Risk Of Joint Infections Low In Horses After Injection

by | 02.21.2019 | 9:04am

Keeping joints healthy often requires a proactive approach: routine exercise, weight management, minimization of trauma, and regular use of oral joint health supplements such as glucosamine hydrochloride, hyaluronic acid, omega-3 fatty acids, and chondroitin sulfate.

Kentucky Equine Research offers several high-quality joint supplements that can be given to young, sound horses prior to the onset of osteoarthritis to help sustain lifelong joint health,” explained Laura Petroski-Rose, B.V.M.S, a veterinarian for the company.

Many performance horses have soundness problems at some point in their lives. In some cases, veterinarians recommend joint injections with products such as corticosteroids, hyaluronic acid, and polysulfated glycosaminoglycans.

Although performed commonly, there is always a risk of infection following a joint injection, a consideration for even the most seasoned horse owners. Infection rates are far lower than believed, 0.04%, according to a group of Australian veterinarians.

In a recent study conducted to improve the industry's understanding of joint infections after injection*, Smith and colleagues collected data from 9,456 joint injections. They found:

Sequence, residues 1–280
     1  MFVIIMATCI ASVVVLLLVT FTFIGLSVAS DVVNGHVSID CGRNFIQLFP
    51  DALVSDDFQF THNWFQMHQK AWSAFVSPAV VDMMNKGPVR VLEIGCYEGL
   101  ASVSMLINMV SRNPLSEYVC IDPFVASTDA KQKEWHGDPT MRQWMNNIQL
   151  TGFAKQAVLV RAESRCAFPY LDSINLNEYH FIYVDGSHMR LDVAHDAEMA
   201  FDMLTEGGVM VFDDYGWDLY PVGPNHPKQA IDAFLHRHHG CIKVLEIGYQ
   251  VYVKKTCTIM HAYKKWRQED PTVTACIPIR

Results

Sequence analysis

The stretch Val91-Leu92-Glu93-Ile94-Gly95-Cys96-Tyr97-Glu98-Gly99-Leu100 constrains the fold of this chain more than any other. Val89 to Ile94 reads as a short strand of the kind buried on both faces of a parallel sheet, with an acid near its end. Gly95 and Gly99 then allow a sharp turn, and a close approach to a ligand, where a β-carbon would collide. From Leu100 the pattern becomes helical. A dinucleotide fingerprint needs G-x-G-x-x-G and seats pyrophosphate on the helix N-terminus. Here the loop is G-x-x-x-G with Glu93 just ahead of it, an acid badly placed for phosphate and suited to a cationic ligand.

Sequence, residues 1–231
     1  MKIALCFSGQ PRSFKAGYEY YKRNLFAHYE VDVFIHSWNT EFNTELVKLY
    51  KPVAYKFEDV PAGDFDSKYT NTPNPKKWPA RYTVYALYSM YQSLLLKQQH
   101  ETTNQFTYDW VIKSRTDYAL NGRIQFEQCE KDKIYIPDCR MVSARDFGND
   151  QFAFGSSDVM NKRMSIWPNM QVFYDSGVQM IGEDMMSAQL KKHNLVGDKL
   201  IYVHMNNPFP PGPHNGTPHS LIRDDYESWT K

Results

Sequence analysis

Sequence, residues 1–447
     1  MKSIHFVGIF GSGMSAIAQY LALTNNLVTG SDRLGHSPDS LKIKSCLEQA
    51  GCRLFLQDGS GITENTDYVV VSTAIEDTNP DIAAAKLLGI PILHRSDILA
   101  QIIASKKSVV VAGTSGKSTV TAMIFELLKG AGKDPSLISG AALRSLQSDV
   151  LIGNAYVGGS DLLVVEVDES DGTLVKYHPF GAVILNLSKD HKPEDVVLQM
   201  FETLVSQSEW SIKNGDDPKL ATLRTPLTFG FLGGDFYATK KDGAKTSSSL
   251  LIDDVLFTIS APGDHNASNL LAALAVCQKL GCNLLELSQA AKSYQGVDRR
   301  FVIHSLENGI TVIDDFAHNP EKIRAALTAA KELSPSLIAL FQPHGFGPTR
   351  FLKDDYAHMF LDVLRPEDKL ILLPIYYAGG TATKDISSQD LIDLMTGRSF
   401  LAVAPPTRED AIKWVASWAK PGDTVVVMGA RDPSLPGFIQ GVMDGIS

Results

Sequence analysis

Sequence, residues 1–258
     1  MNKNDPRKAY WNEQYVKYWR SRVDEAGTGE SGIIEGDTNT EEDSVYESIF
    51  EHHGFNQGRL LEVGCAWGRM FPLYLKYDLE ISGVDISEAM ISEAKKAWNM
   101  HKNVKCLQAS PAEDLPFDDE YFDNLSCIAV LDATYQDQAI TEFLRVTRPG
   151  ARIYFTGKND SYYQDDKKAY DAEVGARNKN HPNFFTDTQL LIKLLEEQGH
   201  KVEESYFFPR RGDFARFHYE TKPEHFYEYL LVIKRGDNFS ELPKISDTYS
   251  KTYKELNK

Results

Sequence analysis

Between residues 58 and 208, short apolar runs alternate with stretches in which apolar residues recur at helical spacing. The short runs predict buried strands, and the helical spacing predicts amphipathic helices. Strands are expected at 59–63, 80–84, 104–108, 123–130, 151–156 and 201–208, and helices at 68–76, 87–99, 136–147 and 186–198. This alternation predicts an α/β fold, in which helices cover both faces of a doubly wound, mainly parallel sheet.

• The most frequently used medications during those procedures were corticosteroids, hyaluronate, polysulfated glycosaminoglycans, the antibiotic amikacin sulfate, or combinations thereof;
  • Of the four horses that developed infections, two received polysulfated glycosaminoglycans and hyaluronate, and two were administered triamcinolone acetonide and hyaluronate;
  • One of those had also received amikacin sulfate;

All four of these horses were successfully treated and returned to racing following joint lavage.

*Smith, L.C.R., C.E. Wylie, L. Palmer, et al. Synovial sepsis is rare following intrasynovial medication in equine ambulatory practice. Equine Veterinary Journal. In press.

Article reprinted courtesy of Kentucky Equine Research (KER). Visit equinews.com for the latest in equine nutrition and management, and subscribe to The Weekly Feed to receive these articles directly (equinews.com/newsletters).  

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